Gaining their first big project meant an investment in a new hydraulic excavator would be necessary, so the boys bought a Yanmar ViO17 1.7-tonne zero-tail swing digger, which has served them well till today.

More recently, they invested in a smaller 1.2-tonne Yanmar, which has proven to be a high-flyer in the true sense of the word. In fact, that’s the very reason they purchased it in the first place.

RAM Contracting has a well-established working relationship with Helisika Helicopters. Pictured here in Long Road Farm, Waitakere Rangers

RAM Contracting does quite a bit of work in remote areas that aren’t easily accessed and, in a lot of cases, simply can’t be reached without employing the use of a helicopter. Cain says that the company has established a great working relationship with Helisika Helicopters over the past few years and that the need to use their services has seen a steady increase in that time.


John told DOW that a lot of planning needs to go into organising a flight for the little machine. It’s not simply a case of hooking it on and flying, as the load has to be kept to an absolute minimum, which involves emptying fuel from the tank and removing the bucket and other ancillary equipment. And then there’s the safety aspect as well.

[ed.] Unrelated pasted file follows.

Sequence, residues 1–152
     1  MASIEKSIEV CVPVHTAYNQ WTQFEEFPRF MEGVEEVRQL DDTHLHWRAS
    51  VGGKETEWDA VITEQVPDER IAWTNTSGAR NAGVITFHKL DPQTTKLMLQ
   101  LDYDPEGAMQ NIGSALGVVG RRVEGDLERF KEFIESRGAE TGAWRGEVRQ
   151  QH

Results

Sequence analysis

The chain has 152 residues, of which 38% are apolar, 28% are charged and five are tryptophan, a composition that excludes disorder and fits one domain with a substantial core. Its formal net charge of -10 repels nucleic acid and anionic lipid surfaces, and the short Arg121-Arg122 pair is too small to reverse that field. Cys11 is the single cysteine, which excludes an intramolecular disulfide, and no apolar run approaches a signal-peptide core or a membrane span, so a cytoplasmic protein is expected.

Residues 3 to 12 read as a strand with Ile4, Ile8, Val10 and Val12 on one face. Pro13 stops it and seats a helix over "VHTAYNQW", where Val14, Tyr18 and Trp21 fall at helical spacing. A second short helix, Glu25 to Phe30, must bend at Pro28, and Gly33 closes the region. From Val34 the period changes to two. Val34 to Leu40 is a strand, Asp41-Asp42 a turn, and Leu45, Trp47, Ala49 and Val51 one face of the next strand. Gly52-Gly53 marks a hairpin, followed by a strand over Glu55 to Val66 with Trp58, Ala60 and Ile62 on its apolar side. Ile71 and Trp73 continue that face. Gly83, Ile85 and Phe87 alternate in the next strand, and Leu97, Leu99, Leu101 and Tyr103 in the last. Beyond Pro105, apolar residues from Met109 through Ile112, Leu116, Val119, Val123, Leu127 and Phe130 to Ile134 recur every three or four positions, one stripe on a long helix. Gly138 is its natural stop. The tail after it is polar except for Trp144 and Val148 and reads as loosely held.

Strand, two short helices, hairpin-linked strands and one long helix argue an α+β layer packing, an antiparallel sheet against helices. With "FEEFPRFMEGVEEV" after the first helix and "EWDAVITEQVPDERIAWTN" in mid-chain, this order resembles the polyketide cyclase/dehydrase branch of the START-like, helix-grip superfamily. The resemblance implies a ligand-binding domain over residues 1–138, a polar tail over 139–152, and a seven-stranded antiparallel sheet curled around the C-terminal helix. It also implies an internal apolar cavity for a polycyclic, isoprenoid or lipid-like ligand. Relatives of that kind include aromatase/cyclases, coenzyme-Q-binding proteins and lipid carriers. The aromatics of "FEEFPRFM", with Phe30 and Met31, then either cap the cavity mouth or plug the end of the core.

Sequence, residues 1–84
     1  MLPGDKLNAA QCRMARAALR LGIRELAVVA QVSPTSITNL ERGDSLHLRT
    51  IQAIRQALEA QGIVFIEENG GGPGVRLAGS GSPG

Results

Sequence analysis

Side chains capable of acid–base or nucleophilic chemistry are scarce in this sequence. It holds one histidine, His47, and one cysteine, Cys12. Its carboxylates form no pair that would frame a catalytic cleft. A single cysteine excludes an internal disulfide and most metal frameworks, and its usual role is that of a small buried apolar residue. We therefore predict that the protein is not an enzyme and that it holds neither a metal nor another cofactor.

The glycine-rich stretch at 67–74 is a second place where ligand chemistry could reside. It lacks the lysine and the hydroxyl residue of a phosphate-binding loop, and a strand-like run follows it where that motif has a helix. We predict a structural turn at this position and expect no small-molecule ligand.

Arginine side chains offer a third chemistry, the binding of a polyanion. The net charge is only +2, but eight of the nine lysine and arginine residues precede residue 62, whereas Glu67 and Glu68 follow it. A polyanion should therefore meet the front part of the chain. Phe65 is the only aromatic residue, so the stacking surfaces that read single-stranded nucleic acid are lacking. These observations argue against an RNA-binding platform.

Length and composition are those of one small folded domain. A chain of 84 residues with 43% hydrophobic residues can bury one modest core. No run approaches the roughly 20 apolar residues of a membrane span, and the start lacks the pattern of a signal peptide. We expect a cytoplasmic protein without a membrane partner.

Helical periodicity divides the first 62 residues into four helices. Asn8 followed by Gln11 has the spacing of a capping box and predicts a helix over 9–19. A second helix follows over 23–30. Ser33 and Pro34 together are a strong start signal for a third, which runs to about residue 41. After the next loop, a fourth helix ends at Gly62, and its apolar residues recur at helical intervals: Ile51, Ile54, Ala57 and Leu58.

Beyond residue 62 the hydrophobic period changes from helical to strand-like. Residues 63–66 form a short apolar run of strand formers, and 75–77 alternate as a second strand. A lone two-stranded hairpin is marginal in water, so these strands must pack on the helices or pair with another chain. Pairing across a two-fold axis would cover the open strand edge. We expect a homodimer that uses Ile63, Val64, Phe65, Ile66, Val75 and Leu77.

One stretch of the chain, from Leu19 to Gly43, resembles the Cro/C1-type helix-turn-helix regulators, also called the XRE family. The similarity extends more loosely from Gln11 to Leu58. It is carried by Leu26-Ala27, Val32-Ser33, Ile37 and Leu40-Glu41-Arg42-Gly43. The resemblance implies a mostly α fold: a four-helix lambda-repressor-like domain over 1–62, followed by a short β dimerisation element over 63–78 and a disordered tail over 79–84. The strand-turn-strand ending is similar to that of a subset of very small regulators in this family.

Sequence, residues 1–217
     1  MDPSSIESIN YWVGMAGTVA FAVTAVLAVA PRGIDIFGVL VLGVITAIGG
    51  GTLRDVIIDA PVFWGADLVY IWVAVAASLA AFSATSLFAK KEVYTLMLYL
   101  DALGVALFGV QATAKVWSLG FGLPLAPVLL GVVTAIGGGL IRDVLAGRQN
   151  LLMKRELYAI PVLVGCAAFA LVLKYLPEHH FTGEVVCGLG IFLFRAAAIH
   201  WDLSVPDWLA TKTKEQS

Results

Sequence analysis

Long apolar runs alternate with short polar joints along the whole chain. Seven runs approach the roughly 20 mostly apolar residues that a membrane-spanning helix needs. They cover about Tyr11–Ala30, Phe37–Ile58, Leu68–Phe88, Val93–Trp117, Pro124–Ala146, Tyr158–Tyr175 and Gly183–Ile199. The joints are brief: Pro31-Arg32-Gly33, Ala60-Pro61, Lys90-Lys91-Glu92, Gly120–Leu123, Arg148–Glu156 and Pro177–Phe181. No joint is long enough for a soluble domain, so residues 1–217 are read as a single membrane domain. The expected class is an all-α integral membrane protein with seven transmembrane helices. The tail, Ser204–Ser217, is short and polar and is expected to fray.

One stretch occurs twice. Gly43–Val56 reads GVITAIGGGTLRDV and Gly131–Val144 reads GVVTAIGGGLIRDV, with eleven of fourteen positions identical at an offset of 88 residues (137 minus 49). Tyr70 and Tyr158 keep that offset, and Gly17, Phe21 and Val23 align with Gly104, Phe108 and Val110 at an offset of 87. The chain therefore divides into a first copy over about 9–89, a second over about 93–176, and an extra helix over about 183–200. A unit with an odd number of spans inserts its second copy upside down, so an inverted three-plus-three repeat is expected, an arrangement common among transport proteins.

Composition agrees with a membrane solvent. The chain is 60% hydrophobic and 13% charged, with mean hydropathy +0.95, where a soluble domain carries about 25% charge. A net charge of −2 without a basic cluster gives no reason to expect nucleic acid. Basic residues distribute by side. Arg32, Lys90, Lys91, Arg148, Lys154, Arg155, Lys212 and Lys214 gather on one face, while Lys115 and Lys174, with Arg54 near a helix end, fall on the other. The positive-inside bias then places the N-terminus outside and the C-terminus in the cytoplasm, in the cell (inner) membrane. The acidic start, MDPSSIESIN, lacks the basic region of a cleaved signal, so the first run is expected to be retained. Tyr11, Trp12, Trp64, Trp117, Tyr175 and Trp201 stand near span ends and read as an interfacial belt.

The smaller Yanmar excavator is flown to work sites in remote areas, such as this one in Clevedon (walking track upgrades)

"It wouldn’t be good practice to run the risk of having any item attached to the load that could fall off during the flight," John says.

Two other machines that have proven to be invaluable for the type a lot of work RAM carries out are the Cormidi self-loading rubber-tracked dumpers the firm purchased from OMC Power Equipment.